Aetna and United Leave California; Who’s Moving In?

By Dan Diamond, California Healthline

United Healthcare has more than 4,700 hospitals in its national network.

Valley Health Plan has four, all located in Santa Clara County.

That relative scale is one reason why United’s departure from California’s individual market last week got so many headlines — even though United only covers 8,000 people in the state — while the news of Valley’s inclusion in Covered California last month got almost none.

And on the surface, the thought of losing the nation’s largest health insurer doesn’t seem to augur much good for the Golden State’s health reform efforts. Especially in the wake of Aetna’s similar announcement last month.

But take the glass half-full approach, a handful of experts say: Think about who’s stepping in to fill the void.

For me, the story is [the] new participants” in California’s insurance exchange, Micah Weinberg of the Bay Area Council tells California Healthline, citing LA Care Health Plan, Valley Health Plan and a handful of the other small plans.

“Who exactly they are, and how they are being offered in these marketplaces, is worth watching,” he adds.

“In many ways, their participation fulfills the promise of reform.”

Putting United and Aetna’s departures in context

Weinberg’s perspective isn’t shared by some critics of Obamacare, who suggest that the departure of major insurers from the Golden State is an indictment of the health law and a sign of more trouble to come.

According to Sally Pipes of the Pacific Research Institute, the insurers pulled out of the California market “because all the regulations in the state made it not worthwhile to do business.”

And as David Gorn reported for California Healthline last week, state Insurance Commissioner Dave Jones further stoked fears by saying he was worried about the prospects for competition.

But Larry Levitt of the Kaiser Family Foundation agrees with Weinberg that Aetna and United’s departure may be getting more ink than needed.

“It’s important and interesting — but not for the reasons that one would think,” he says.

“You hear about major insurers exiting the market, and you think that must be bad for consumers and competition,” Levitt adds.

“But in some ways, it’s a sign that the competition is actually working. In a very price-competitive market, you would expect players to exit if they can’t compete.”

Levitt and others also note several reasons why United and Aetna’s loss may be overstated at first blush. For example, the ACA offers more protections for consumers who need to shop around if their plans stop offering coverage. And they stress that Aetna and United combined covered fewer than 60,000 people in California’s two-million-strong individual market. Given the relative size of United and Aetna’s share of customers, “it barely causes a ripple for them not to be offering coverage,” Levitt adds.

Still, there’s one lament: Given Aetna and United’s scale and operations, the two payers were perfectly suited to help absorb the rush of newly insured patients in what’s likely to be a bumpy transition next year.

“Both of these companies have great IT infrastructures for enrolling and servicing their members,”according to Kevin Knauss, a blogger and health insurance agent in Northern California. “They are the sort of ‘military defense contractors’ [that] the U.S. market needs to lend experience and expertise during this period of difficult transition to a new health care and insurance marketplace.”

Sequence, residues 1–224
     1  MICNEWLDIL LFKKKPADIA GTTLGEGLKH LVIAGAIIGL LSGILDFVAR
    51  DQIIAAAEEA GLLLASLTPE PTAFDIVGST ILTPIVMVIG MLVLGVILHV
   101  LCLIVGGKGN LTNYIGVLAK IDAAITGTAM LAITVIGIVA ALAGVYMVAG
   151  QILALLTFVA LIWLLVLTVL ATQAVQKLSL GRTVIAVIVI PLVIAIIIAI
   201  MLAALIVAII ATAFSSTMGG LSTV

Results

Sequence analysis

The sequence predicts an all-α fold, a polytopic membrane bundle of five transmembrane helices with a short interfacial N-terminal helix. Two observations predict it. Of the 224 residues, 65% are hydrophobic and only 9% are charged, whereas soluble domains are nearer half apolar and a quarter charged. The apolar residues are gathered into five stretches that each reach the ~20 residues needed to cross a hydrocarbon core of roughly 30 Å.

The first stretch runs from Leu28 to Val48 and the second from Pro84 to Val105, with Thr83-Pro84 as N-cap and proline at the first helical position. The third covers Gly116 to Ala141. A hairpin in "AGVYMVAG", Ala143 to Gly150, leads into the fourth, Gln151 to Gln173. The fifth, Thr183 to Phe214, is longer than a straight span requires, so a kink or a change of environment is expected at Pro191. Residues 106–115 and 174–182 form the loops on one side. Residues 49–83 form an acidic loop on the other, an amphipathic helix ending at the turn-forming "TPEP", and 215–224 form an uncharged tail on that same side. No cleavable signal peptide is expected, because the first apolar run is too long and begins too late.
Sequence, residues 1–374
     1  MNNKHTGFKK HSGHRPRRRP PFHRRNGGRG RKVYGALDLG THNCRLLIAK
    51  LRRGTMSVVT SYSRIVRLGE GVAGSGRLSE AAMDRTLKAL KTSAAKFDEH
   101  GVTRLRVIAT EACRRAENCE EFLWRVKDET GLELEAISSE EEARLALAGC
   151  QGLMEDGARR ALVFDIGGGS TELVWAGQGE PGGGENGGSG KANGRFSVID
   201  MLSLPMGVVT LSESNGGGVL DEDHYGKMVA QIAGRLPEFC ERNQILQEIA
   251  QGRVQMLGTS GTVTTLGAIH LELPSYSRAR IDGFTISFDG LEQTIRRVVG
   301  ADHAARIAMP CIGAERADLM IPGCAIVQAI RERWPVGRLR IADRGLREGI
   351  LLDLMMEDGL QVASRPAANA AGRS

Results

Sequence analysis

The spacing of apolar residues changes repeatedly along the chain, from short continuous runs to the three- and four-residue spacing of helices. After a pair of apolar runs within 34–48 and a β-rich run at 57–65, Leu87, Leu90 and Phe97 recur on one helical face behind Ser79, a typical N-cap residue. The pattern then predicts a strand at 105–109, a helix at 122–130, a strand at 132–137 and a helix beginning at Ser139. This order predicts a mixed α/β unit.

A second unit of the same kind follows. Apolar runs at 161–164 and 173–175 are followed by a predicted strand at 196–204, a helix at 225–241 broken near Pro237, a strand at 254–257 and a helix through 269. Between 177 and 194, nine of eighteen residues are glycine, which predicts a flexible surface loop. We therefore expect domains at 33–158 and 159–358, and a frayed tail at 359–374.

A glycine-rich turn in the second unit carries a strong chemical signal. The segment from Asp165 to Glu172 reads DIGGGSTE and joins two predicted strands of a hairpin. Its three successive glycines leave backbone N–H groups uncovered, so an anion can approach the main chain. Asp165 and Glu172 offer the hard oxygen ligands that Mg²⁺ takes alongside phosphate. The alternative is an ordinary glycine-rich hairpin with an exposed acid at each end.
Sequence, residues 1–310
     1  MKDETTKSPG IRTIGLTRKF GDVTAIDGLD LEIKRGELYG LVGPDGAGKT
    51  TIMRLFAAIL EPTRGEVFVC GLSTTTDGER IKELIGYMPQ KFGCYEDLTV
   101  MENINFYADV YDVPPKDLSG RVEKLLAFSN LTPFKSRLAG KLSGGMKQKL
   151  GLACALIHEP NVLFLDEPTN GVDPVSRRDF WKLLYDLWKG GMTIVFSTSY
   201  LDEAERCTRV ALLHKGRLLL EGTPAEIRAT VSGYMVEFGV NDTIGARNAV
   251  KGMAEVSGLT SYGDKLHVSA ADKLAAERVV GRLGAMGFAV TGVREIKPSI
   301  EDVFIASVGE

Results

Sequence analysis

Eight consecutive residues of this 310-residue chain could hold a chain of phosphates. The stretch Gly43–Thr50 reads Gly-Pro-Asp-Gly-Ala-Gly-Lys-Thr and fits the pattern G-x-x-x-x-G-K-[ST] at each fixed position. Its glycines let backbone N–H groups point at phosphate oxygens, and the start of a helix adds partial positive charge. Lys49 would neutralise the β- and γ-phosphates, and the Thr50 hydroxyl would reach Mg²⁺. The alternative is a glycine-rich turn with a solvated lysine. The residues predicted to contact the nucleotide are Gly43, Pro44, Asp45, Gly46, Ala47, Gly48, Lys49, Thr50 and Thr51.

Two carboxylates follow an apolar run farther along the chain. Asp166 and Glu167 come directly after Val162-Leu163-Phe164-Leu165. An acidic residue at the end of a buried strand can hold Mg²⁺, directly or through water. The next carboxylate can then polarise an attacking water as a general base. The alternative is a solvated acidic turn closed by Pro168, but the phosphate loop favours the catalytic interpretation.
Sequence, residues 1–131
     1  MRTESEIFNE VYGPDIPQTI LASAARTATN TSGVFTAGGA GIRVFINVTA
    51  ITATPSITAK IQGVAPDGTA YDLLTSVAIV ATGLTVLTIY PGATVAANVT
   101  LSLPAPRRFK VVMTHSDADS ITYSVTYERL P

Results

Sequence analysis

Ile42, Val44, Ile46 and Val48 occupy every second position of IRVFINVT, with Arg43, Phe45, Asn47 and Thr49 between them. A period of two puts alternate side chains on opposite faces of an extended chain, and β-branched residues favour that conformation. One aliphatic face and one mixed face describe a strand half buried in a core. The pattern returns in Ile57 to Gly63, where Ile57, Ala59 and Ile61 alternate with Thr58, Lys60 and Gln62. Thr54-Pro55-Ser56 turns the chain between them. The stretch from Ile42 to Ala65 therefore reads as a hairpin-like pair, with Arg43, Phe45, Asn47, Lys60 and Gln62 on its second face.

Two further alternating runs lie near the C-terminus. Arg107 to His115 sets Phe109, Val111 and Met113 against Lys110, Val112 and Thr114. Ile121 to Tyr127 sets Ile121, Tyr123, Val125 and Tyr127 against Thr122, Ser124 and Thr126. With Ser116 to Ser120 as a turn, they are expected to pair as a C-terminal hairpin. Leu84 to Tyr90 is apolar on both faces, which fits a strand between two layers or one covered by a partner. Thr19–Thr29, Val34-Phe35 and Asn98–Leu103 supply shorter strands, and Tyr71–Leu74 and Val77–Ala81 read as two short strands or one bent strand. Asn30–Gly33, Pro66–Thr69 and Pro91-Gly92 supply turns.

Looking at the the plans that are staying

In many respects, the “new” participants in California’s insurance exchange are the same as the old. Anthem Blue Cross, Blue Shield of California and Kaiser Permanente already command more than 70 percent of the individual market, and the combination of other payers’ departure and the ACA’s coverage expansion may allow them to further consolidate.

But Covered California is slated to also offer a number of small, local plans like Valley, which serves Santa Clara County, and LA Care Health Plan, which serves the Los Angeles market and is the nation’s largest publicly operated health plan.

As a result, these payers are likely to see a huge influx of new patients. And that could be a good thing.

“These [plans] are expert in providing care in the population that [the ACA] is hoping to cover,” according to Weinberg. He notes that residents with lower incomes who will gain coverage through the Medicaid expansion or obtain subsidized plans through the exchange may have different needs that make them more challenging to care for — but a plan like LA Care already has expertise in working with a Medi-Cal population.

Meanwhile, provider-linked plans like Sharp Health Plan (offered by San Diego-based Sharp Healthcare) also will be available through the exchange. And when considering the promise of health reform, “what really gets me excited is managed competition” as offered through these provider-linked plans, Weinberg says, given their potential to improve price transparency for consumers, as well as leverage the benefits of an integrated delivery system.

Weinberg, Levitt and others stress that California’s market is sufficiently competitive that it can easily weather the loss of United and Aetna.

“California certainly has enough health insurance plans participating in [its] exchange,” Bob Laszewski, president of Health Policy and Strategy Associates, told California Healthline via email.

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